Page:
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Subj: I disagree with any of that
Posted: Thu Jun 25, 2009 at 02:14:39 pm EDT (Viewed 46 times)
Reply Subj: Re: I don't see why
Posted: Thu Jun 25, 2009 at 09:42:53 am EDT (Viewed 50 times)
Quote:Anyway, like newspapers, the best alternative is for digital comics.
Quote:Not really. Digital doesn't make enough money to pay for itself. If digital does put an end to newspapers, you'll see a steep decline in news sources online because where do you think much of the news and content on the web comes from? People think online content should be free, very few are willing to actually pay for it. Advertising cuts the cost somewhat, but even that isn't enough to actually pay for the columnists, reporters, photographers, editors and the technicians and technology. Digital is a must as part of the newspaper entity in today's world, but it's like free refills or a/c at a restaurant. No one explicitly pays for it, it's expected as a bonus. When I worked for a paper, online was considered a positive growing cost, but only because most of their workers and content were already paid for by other departments. It was a bit frustrating to hear execs praising online for making money and then coming down on Classified sales for not when it was the Classified Salespeople that were making those sales that made Online the money.
That's all kind of BS. Digital in it's current form does make some money. For instance, the NYTimes on Kindle make the company a couple million dollars each year. But even that system is currently flawed. Why would anyone want to pay money for a single daily digital newspaper, when they can get that same information for free? The NYTimes doesn't even update it's newspaper throughout the day, despite the fact that a Kindle has an internet connection.
The ineventual destruction of the traditional newspaper won't mean much. I don't read a daily newspaper, because I can get all that information for free online. The only real advantage newspapers have is in local news, but that niche will be filled by local television stations at least.
The biggest problem newspapers have is their inability to adopt to new changes. Look how many newspapers went kicking and screaming when it came time to put up a website, reluctantly going along with it. Even today, most local newspaper websites are crap. Despite the rapid changes in our world, newspapers still think they can work off the same model as they did a century ago, and they can't.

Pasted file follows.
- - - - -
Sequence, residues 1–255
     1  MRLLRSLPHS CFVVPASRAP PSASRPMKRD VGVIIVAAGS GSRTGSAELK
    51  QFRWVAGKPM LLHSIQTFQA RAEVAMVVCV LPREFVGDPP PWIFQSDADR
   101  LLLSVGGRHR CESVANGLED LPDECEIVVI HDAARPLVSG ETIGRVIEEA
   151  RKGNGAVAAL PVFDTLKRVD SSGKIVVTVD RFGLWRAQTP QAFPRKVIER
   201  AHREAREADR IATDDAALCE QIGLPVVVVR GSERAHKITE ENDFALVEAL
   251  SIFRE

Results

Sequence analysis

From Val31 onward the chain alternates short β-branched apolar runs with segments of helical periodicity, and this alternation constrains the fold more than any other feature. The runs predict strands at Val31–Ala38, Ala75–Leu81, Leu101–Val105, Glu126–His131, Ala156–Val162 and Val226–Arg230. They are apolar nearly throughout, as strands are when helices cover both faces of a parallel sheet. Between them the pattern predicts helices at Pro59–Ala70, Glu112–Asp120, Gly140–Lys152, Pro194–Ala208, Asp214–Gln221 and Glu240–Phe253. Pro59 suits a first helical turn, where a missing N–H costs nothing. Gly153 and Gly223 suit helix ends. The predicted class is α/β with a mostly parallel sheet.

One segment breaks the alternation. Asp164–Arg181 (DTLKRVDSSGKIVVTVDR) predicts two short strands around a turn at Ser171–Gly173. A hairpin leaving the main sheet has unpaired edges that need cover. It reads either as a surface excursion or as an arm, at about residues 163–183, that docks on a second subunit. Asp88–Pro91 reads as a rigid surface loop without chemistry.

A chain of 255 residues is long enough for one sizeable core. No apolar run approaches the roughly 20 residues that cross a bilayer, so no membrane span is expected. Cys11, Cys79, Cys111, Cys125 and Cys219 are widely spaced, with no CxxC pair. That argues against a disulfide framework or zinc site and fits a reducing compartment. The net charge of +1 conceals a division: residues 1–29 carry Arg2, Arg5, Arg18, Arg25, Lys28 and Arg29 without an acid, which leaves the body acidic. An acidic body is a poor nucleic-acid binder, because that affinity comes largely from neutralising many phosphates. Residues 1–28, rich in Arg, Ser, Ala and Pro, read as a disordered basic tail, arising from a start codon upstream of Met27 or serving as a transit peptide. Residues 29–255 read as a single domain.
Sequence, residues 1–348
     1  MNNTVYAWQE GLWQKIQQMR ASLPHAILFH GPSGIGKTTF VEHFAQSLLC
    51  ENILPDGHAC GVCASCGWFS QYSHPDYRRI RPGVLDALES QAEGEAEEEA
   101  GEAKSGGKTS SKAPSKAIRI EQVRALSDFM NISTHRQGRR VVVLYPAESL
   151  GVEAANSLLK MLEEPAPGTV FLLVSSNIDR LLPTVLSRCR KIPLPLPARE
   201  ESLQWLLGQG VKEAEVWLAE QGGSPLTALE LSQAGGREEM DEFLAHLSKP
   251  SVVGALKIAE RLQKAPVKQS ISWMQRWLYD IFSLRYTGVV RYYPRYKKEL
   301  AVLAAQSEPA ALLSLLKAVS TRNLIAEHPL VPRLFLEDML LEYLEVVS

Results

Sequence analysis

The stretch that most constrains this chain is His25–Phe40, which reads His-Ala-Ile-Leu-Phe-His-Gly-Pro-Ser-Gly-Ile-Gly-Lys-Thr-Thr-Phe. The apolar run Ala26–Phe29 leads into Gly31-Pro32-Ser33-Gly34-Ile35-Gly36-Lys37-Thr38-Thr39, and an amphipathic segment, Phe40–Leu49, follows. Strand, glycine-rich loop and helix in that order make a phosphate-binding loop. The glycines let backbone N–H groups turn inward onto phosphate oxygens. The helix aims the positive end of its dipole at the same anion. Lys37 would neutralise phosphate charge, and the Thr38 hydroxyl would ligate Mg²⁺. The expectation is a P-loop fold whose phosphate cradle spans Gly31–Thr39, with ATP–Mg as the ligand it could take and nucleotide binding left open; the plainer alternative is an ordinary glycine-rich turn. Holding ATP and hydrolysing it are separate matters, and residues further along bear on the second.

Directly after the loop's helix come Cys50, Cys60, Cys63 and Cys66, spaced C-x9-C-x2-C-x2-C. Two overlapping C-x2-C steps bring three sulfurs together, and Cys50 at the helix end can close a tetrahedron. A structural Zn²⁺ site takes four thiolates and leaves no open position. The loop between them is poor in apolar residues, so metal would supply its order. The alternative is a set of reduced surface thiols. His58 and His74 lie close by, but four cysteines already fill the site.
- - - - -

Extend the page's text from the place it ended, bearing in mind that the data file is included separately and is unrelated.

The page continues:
iTunes was created by a computer company, without any real ties to the music industry. Even Longbox, the comic verions of iTunes, wasn't created by a comic company. It's a common problem in businesses where they aren't the ones to intiate new changes, new technologies, etc.
Digital versions of newspapers are going to have to make changes. They have to have updatability. They have to be ability to fulfill all the news needs of their audience. They have to be reasonably priced (determined by the customer), etc.
Quote:I think Digital could be an important secondary revenue stream for comics if they can work out some of the kinks and maybe even an alternative for smaller publishers and iffy reprint books. But, I don't think it will ever make the money to actually cover the costs of paying the talent. I think it would probably be just a different loss-leader for the trade market but ultimately probably kill that as well and much of the industry as a whole as we'd see comic shops belly up across the country, so there'd be fewer risks in trades and collections being done and sold as there are even fewer outlets for them to be sold.
Digital comics are the future, there is no doubt about that. Any problems will eventually be worked out. The cost for Marvel of creating a comic right now is really low, say 75 cents. The rest of that $3.99 goes to the LCS, the distributor, and even publishing the comic. So Marvel can easily see a profit of 25 cents if they go with a 99 cents price point for a digital copy.
But there are other huge advantages. Suddenly any barriers to distribution are erased, where you can buy ANY back issue at any time. Scarcity of the product is no longer a concern. You can create a variable pricing model, where you change the price of an issue depending on what you want. New issues can be $1.29, while older ones are $.99. Buy six issues for $5. You will see a huge increase in readers from this.
The problem Marvel will face is competition. Suddenly a creator owned title like Invincible might be able to compete with a title like Spider-Man. Licensed comics would probably see a vast increase in sales. The audience will start to see a huge diversity, where suddenly you see younger readers.
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